Ditto with heat tape, which not only costs $300-600 according to Mr. Romano, but must then be installed and can be very expensive to run.  (Set an electric heater outside and then tell me about your electric bill!)  Electric heat tape requires fasteners, which penetrate the shingles to hold it in place, and can damage shingles.  And unfortunately, many people let heat tape run even when not needed – when there is no snow on the roof (or, yikes, all summer long!), for example – causing even higher bills.

The rigid foam method Tom Silva recommends, in which the attic is insulated all the way up to the peak, between the rafters, can work—but air sealing along with it is critical, and probably beyond what most homeowners can tackle solo. For twice the price of the materials, which are expensive in and of themselves, a homeowner could have closed cell polyurethane insulation installed (that is, with all labor included) to an equivalent depth, which will do the trick. But many homeowners don’t use the attic as living space. If you rarely venture up there, you can insulate just as well, if not better, for a fraction of the cost.  A well-sealed and well-insulated flat attic, with good attic ventilation—of the kind we do every day—will outperform Mr. Silva’s approach. (Again—it depends on whether and how you’re using the attic—mine is conditioned living space so the flat attic treatment was out.)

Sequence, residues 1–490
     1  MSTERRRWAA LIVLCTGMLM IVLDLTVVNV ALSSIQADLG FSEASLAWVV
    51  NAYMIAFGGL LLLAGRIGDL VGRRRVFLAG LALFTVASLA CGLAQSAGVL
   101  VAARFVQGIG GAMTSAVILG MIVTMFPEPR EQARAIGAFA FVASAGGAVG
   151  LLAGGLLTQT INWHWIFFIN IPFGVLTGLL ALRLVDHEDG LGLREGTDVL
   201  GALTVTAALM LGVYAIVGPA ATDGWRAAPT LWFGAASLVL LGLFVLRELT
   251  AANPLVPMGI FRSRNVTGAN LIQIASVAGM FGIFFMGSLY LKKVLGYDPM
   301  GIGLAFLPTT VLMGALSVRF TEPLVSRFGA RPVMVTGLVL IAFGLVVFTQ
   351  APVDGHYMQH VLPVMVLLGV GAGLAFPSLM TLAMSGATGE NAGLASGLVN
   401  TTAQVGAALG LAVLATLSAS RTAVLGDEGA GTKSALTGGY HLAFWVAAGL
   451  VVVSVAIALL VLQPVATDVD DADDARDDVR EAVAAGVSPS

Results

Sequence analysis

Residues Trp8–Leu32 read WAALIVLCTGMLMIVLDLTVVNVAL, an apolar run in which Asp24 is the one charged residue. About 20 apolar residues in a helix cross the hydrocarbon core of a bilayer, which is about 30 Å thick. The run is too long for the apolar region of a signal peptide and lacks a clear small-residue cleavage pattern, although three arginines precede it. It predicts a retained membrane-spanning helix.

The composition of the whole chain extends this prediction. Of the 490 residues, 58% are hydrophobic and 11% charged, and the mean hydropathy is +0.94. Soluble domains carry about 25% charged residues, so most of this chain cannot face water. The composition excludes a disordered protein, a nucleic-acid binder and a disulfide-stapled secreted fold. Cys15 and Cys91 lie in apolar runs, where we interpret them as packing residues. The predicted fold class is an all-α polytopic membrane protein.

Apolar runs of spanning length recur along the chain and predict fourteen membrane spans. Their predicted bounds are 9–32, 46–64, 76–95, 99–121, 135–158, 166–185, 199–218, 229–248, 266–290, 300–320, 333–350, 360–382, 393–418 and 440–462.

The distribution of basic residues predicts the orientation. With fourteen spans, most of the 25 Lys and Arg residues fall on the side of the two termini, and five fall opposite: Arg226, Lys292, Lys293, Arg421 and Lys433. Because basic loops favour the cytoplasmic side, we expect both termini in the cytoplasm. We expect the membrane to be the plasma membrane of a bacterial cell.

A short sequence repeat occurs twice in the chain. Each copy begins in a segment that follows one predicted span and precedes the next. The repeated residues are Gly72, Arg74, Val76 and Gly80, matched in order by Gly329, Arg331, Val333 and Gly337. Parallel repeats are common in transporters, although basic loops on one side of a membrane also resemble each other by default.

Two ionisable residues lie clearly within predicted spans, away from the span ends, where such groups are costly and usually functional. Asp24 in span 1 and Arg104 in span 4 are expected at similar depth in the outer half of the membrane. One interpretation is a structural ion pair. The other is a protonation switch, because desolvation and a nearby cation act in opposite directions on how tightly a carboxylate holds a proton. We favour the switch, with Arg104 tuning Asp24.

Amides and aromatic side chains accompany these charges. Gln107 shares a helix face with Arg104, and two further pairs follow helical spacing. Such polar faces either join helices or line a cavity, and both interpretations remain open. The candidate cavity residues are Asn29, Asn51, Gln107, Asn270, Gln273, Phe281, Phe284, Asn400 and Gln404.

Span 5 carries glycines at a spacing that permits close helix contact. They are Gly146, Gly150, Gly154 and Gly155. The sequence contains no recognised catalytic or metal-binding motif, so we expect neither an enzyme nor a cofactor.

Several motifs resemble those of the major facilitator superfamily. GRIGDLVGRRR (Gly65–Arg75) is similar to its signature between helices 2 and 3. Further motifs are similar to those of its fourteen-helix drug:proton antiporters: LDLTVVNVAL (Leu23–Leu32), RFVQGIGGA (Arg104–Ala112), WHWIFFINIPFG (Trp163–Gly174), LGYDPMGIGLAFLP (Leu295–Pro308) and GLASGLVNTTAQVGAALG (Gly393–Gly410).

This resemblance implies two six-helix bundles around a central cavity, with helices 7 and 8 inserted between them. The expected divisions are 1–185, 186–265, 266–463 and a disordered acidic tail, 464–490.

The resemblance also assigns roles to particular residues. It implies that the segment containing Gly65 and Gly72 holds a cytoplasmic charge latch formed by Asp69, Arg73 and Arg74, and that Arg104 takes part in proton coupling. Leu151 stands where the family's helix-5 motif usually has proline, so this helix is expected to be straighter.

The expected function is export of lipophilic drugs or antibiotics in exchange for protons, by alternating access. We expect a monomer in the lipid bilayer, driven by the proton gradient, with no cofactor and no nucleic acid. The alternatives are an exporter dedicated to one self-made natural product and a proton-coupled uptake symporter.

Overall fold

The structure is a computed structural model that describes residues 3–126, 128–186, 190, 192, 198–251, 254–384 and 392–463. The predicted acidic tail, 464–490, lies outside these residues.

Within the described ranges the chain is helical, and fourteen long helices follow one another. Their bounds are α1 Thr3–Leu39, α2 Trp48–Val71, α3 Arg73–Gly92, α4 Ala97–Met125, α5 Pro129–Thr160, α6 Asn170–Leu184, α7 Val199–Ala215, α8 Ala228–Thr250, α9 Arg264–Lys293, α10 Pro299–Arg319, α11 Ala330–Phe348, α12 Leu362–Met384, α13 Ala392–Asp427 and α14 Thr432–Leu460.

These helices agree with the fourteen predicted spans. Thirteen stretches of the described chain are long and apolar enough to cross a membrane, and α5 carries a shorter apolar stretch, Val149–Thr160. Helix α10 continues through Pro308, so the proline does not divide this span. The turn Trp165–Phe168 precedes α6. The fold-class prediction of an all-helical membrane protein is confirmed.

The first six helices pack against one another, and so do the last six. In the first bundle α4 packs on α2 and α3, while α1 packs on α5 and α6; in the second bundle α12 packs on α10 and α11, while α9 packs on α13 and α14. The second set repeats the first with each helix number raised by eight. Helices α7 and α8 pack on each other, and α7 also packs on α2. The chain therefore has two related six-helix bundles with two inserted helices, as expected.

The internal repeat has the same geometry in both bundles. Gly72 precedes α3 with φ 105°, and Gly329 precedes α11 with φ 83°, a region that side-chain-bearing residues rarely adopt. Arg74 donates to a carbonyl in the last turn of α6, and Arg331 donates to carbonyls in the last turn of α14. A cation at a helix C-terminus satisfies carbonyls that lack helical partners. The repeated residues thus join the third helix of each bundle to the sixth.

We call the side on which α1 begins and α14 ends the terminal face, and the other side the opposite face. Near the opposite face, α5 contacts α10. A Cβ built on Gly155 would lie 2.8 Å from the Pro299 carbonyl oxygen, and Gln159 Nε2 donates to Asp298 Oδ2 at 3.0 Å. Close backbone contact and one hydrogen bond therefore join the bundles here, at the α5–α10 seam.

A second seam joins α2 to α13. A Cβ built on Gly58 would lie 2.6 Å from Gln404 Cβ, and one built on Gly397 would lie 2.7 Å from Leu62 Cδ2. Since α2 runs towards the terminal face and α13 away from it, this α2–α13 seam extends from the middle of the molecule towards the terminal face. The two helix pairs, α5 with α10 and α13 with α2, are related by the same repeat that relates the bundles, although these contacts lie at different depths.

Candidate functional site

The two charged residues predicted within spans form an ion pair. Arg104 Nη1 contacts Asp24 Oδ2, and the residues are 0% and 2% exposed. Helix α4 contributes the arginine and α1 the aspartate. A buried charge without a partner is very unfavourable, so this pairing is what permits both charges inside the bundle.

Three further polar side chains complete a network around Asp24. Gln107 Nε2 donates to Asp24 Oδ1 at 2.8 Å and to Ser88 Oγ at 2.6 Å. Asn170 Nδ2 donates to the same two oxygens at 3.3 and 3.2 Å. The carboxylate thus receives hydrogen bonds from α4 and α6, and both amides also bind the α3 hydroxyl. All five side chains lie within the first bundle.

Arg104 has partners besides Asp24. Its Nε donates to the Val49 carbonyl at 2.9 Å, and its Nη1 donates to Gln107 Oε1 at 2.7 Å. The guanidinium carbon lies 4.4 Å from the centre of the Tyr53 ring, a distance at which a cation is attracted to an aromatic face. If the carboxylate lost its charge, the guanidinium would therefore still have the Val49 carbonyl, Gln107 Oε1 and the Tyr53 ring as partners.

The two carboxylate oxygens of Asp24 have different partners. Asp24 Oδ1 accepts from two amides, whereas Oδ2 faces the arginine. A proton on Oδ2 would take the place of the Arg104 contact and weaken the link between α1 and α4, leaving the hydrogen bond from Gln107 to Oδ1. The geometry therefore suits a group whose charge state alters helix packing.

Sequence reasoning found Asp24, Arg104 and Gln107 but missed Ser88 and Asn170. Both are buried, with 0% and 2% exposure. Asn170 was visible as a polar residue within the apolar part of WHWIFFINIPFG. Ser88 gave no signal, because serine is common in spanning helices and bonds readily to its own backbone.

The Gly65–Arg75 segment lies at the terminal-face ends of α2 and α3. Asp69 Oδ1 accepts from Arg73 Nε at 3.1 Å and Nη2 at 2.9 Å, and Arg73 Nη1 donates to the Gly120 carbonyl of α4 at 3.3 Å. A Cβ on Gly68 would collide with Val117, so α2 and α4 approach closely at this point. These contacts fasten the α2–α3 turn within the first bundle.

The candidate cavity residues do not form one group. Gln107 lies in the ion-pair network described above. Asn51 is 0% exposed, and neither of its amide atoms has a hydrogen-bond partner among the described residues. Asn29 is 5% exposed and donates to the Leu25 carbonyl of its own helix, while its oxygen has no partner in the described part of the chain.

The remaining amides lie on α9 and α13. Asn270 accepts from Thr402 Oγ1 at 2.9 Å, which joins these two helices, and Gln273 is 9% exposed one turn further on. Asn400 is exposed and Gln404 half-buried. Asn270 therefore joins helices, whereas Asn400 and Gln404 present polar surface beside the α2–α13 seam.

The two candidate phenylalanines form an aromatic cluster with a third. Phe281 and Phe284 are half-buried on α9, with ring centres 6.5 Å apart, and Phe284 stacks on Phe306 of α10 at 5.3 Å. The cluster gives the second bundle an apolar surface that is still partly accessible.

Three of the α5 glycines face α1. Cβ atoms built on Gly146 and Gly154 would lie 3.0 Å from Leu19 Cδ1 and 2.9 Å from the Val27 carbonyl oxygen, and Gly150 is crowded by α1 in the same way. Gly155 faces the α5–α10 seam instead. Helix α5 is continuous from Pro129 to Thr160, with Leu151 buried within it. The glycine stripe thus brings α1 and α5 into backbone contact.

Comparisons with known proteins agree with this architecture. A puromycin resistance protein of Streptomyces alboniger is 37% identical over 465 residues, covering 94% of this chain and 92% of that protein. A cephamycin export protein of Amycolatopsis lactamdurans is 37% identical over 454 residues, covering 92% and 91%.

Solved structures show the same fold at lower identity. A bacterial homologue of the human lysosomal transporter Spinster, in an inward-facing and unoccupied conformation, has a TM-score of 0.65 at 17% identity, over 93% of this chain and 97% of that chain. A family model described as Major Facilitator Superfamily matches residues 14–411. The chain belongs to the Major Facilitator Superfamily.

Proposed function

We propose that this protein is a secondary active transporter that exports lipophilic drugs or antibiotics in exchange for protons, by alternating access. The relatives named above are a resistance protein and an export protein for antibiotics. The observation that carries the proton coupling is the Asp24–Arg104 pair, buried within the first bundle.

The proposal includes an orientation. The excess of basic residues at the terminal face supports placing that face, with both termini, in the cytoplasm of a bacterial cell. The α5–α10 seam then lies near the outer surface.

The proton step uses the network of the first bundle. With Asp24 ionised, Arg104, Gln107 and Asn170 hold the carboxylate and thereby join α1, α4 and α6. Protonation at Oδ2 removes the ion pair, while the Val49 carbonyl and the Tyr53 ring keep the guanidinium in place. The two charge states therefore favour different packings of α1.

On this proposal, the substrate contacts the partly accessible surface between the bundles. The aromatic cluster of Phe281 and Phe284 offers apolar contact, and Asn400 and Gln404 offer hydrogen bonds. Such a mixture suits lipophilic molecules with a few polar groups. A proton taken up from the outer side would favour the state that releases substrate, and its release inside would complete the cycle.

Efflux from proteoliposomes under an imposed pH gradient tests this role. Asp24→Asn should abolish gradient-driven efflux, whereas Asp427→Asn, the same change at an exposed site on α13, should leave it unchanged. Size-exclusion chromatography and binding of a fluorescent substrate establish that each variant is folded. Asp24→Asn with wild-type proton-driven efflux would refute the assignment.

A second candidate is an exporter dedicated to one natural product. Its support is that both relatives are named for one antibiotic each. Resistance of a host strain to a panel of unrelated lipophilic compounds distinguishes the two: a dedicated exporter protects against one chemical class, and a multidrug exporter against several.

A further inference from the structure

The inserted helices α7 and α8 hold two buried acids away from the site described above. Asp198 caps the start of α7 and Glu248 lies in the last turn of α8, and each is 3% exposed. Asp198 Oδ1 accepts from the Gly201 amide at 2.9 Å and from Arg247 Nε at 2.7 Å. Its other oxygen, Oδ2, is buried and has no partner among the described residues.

Now, go outside, and take that heat tape off!  (And then call someone to insulate and air-seal your attic!)
Stay warm,